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Hillary Clinton Stops In Flint, Spotlighting The City's Struggles


We're going to start the program again today with the latest from politics. Hillary Clinton took a break today from stumping in New Hampshire bring her campaign for the Democratic presidential nomination to Flint, Mich., where the city faces a public health crisis due to lead in the drinking water. We have more from Michigan Public Radio's Rick Pluta.

RICK PLUTA, BYLINE: Hillary Clinton's visit capped an hours-long church revival meeting filled with songs, sermons and a pastor with a sense of humor as he noted the packed seats at the House of Prayer Missionary Baptist Church.

KENNETH STEWART: I got a question. Where y'all been?


PLUTA: Elder Kenneth Stewart said Flint has suffered as the result of a state government blunder that caused lead to leach into the drinking water in homes and schools. The extent of the harm is still not clear, but many children in the city have shown elevated lead levels in blood tests. Stewart says now the city is benefiting from all the attention.

STEWART: We need you, God, in a miraculous way. We thank you, dear God, for the hearts of those that you're touching in an effort to make life better here in the city of Flint.


UNIDENTIFIED PEOPLE: (Chanting) Hillary, Hillary, Hillary, Hillary.

PLUTA: Clinton took the stage to the cheers of the congregation and said the people in this poverty-stricken, mostly African-American city have been let down by their government.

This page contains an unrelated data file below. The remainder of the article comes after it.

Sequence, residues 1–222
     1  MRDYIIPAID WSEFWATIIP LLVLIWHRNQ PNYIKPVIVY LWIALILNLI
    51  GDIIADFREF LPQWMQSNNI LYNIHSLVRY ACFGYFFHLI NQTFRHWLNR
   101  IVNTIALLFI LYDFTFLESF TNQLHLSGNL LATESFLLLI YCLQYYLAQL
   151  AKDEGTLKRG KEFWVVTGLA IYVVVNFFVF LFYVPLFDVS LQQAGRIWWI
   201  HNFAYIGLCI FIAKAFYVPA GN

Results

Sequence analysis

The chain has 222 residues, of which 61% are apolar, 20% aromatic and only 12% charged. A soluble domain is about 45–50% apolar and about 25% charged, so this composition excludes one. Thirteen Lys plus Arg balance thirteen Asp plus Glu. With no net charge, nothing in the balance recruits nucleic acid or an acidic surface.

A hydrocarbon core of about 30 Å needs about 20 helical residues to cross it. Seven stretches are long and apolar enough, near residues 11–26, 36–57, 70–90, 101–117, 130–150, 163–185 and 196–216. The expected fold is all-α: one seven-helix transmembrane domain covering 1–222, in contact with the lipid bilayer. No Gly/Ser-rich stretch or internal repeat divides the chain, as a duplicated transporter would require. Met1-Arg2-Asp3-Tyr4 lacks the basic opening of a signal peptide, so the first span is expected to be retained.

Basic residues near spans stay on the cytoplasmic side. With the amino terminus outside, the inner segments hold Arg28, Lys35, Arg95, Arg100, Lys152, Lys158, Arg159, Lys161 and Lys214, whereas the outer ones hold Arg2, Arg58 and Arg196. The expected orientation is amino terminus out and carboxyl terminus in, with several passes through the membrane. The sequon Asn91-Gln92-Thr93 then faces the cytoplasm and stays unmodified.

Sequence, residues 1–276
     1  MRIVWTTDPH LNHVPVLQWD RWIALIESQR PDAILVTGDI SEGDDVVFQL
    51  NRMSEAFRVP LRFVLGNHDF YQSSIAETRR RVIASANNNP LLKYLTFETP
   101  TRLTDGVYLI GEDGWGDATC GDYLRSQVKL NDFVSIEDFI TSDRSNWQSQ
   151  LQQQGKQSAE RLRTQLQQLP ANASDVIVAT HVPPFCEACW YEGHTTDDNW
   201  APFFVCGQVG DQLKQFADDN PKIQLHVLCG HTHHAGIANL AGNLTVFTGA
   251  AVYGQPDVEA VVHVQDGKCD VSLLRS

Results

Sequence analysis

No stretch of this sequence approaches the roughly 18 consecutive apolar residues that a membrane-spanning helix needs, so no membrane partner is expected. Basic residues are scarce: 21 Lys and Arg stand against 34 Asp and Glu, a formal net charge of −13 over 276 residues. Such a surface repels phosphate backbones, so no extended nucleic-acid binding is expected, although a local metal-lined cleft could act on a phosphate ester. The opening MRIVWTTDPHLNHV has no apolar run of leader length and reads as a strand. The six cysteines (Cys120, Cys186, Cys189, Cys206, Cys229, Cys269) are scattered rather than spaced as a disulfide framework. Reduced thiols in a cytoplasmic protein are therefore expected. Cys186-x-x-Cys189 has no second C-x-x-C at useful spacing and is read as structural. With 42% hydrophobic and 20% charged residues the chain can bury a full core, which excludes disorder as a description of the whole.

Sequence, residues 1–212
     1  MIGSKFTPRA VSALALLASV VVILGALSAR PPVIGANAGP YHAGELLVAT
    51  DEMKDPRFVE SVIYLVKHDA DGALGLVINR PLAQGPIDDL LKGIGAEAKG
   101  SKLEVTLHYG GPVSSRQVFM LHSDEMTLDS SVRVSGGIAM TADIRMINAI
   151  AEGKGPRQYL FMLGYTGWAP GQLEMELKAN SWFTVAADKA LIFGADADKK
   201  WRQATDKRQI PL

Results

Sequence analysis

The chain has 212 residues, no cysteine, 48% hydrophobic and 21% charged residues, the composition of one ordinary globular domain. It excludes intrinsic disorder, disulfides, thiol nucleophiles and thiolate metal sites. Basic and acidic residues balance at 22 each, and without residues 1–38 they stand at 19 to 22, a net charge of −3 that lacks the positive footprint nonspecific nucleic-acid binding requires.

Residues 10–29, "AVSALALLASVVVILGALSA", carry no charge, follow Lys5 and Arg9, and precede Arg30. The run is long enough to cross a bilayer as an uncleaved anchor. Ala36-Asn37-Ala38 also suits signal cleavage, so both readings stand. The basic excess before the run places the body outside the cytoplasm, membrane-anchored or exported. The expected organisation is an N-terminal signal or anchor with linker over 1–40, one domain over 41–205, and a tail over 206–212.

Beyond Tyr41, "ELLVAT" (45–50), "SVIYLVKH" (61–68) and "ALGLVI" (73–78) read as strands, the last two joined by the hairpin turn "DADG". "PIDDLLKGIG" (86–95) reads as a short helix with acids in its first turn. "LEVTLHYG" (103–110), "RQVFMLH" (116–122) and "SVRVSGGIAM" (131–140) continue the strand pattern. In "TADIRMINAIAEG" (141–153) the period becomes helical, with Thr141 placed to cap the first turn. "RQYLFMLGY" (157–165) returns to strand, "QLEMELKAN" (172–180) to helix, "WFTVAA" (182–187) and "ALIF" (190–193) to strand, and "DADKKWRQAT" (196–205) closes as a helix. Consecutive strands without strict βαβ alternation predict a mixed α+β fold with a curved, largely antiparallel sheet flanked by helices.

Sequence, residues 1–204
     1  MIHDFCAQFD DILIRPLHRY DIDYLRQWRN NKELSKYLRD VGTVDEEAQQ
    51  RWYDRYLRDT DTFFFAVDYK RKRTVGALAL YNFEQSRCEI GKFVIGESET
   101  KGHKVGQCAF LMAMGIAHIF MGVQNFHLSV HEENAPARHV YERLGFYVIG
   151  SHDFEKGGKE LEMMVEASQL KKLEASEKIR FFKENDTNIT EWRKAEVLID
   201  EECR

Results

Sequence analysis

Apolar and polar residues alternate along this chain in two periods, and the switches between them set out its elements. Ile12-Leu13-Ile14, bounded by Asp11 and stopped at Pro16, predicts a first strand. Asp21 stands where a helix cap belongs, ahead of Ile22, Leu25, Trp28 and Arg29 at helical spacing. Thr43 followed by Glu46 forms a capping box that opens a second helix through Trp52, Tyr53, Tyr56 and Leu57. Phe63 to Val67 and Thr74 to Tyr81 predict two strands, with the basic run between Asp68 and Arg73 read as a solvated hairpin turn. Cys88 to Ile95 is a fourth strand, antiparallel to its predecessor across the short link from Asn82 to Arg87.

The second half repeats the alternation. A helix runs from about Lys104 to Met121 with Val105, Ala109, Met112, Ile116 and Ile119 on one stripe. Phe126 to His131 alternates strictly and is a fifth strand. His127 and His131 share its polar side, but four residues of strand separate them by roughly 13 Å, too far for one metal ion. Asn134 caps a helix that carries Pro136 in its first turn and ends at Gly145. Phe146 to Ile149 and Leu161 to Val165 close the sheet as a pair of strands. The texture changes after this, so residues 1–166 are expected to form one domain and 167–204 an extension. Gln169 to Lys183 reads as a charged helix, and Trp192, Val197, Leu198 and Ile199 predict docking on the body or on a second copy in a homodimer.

HILLARY CLINTON: What happened in Flint is immoral. The children of Flint are just as precious as the children of any other part of America.

PLUTA: Clinton said Flint needs help, but she also said reinvesting in cities has to become a national priority.


CLINTON: This is not the only place where children are being harmed by what they breathe and what they drink.

PLUTA: Ondante Lott was in the audience. He says the focus on helping cities like Flint is long overdue. He's skeptical of many of the promises that are being made, but he says the attention is welcomed.

ONDANTE LOTT: That's all I can do, is hope. I can't say I trust nothing. All I can do is say I hope it works out for the best. And right now, it's working towards that.

PLUTA: If there was any doubt Flint has become emblematic of the ills plaguing urban America, and that it has become a central issue in the race for the presidency, it's worth noting that Clinton's rival for the Democratic nomination, Sen. Bernie Sanders, has opened a campaign headquarters in Flint. For NPR News, I'm Rick Pluta in Flint, Mich. Transcript provided by NPR, Copyright NPR.

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